ISSN 1393-614X Minerva - An Internet Journal of Philosophy Vol. 8 2004.
GADAMER’S LATE THINKING ON VERWEILEN
Sheila M. Ross
This essay presents Gadamer’s interest in temporality as his strategy for advancing the importance of hermeneutics as philosophy of experience, a strategy that I show becomes significantly more salient with the appearance of his 1992 essay, Wort und Bild. I show how temporal categories function to demarcate the ontological imbalance that is of such central concern in Gadamer’s philosophical project. The paper also considers some common misunderstandings of Gadamer that result from a failure to take full account of his experiential orientation, and thus prevent recognition of its radical potential. A full account must include a grasp of the exemplariness of art in his philosophy, and in this connection, the essay considers, not Gadamer’s ideal of lyric poetry, but the quite distinct exemplariness of narrative art. Though its temporal structure would seem particularly pertinent, it is not this feature, it turns out, that makes it particularly worthy of hermeneutical reflection.
I. Close to the Living World: Late Crystallizations
essay considers Gadamer’s attribution of a special temporality to
the experience of “tarrying” (Verweilen), a term that for
denotes the exemplary hermeneutical eventfulness of application.
frequently mentioned that the quality of time during tarrying is its
feature, and therefore this particular thread about time in Gadamer
appear to be rather fundamental. However, it is difficult to find any
substantial discussion of the overall significance of Gadamer’s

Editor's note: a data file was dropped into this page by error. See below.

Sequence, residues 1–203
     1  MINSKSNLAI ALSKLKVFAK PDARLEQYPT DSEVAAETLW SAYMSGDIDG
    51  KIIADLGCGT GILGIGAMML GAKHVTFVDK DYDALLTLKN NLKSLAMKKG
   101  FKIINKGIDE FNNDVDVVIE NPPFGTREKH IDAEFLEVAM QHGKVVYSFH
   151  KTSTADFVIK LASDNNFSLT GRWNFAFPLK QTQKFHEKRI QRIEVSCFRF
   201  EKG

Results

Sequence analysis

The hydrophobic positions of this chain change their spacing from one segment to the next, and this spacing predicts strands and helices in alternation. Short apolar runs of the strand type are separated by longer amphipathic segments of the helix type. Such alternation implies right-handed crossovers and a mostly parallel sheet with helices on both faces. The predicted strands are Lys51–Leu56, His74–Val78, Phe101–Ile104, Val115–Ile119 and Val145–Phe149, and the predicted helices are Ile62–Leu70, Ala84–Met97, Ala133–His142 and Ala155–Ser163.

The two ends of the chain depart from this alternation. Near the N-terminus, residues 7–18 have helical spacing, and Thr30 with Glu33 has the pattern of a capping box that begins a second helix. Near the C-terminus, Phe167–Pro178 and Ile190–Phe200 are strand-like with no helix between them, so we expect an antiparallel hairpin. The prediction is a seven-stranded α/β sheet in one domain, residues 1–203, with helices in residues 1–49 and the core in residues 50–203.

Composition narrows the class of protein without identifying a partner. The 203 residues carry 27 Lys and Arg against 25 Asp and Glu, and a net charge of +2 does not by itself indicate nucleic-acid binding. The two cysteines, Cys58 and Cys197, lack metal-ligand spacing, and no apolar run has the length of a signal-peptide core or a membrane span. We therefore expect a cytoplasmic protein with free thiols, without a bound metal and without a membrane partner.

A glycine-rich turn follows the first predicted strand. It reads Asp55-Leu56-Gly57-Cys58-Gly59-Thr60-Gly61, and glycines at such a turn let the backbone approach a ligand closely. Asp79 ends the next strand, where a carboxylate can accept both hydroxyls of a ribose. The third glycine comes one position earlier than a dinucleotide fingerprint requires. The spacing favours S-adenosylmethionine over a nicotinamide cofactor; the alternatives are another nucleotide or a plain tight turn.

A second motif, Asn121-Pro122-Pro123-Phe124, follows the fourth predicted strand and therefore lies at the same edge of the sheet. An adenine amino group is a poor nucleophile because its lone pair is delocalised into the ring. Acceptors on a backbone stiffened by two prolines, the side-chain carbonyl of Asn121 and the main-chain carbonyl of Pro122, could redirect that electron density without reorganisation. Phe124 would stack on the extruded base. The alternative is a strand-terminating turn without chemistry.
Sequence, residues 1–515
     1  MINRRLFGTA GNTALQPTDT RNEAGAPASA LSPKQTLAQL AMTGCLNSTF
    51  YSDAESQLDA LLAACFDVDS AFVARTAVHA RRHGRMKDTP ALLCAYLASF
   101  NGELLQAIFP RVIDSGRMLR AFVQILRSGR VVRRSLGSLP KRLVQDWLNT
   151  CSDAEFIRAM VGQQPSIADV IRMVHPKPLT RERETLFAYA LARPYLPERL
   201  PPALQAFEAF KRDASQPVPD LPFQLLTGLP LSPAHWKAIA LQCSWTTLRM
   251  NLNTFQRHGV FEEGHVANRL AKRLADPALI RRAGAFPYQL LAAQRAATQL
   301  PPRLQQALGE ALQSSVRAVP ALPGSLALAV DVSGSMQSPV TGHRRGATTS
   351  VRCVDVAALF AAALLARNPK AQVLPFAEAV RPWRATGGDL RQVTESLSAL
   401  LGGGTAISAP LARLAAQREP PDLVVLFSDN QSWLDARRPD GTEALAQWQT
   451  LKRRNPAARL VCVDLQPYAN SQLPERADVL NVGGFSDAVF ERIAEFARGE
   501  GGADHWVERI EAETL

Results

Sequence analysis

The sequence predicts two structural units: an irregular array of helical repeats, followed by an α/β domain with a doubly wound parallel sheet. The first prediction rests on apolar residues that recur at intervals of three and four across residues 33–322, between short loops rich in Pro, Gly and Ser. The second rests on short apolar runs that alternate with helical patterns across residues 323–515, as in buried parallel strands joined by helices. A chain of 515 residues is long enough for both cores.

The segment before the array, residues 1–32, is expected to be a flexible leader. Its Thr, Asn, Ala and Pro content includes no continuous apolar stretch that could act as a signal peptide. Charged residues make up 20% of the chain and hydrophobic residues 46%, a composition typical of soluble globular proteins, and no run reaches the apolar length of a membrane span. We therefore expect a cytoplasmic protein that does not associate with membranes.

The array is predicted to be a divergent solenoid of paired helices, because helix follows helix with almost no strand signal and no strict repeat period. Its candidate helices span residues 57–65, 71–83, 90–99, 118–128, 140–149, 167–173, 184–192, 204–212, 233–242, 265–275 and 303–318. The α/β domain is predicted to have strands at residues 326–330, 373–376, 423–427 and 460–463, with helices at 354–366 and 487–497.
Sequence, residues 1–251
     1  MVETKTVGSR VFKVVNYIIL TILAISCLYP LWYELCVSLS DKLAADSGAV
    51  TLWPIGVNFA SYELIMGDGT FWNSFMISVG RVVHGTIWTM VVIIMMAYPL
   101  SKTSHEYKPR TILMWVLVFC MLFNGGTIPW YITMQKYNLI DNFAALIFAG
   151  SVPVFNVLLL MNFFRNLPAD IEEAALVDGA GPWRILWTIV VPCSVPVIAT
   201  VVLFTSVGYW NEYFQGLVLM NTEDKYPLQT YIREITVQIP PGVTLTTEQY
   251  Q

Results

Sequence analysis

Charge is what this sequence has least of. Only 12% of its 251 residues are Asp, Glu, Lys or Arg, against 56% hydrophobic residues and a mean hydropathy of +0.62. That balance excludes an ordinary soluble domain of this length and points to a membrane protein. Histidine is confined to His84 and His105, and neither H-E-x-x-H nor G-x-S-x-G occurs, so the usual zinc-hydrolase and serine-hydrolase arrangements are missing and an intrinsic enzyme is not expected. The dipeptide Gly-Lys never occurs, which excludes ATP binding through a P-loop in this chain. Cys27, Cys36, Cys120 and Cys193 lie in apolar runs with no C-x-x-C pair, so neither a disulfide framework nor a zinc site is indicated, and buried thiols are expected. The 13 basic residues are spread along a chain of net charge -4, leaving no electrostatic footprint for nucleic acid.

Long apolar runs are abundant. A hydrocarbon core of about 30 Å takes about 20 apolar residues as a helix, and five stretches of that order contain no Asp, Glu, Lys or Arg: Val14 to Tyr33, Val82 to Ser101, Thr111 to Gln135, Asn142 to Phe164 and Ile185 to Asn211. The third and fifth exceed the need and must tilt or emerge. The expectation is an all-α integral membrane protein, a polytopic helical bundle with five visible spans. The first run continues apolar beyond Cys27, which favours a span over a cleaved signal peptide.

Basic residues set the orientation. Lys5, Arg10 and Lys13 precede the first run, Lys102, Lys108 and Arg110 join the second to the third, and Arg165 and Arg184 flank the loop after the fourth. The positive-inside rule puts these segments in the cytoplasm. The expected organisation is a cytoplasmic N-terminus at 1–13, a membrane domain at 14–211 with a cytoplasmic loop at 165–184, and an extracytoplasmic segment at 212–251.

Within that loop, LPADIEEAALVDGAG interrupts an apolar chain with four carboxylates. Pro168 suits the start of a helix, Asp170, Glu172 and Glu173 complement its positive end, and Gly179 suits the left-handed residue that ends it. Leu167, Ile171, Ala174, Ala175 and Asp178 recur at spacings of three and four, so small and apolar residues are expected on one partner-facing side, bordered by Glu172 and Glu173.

thinking about time. This content is typically passed over or at most
as puzzling or enigmatic, and this is perhaps surprising given that
is a such prominent Heideggerian theme, intractable or
Possibly, though, this thread in Gadamer is simply not very recognizable as an initiative at all, much less a Heideggerian one. One reason for this is the often tangential nature of this content, which, as I hope to show, is philosophically necessary. But also, this content, or subtext, may be passed over by readers of Gadamer simply because time is still a deeply naturalized, self-evident concept and is thus resistant or invisible to reflection, despite Heidegger’s efforts. If time in Gadamer were taken careful account of, however, the question of Gadamer’s domestication of Heidegger would perhaps be put in a new light, since what becomes the issue is precisely the sonority of philosophy. What Gadamer says about tarrying time is a way of ‘putting Heidegger’ that has a sonority outside the discourse of academic philosophy.2 This paper does not discuss the question of time in the context of Gadamer’s relation to Heidegger, then, but is instead oriented only to Gadamer’s preoccupation with the falling of philosophy on deaf ears, perhaps with its consequent fall altogether. I discusses the temporality of tarrying as part of his effort to not only make philosophy more hermeneutic but to make hermeneutic philosophy more concrete and oriented to experience, part of an effort to explain, finally, what is meant by such a task. For his reference to the distinctive “time-structure of tarrying” (“die Zeitstruktur des Verweilens,”), as he phrases it in his late essay on art, “Word and Picture: ‘So True, so full of being!’” (47), helps establish an orientation to concrete experience that is radical and polemical, but at the same time accessible and graspable. 3 Gadamer’s time-concept may therefore be critical to understanding the larger significance of the anomalous, autonomous character of the event of understanding so exemplary in his philosophy.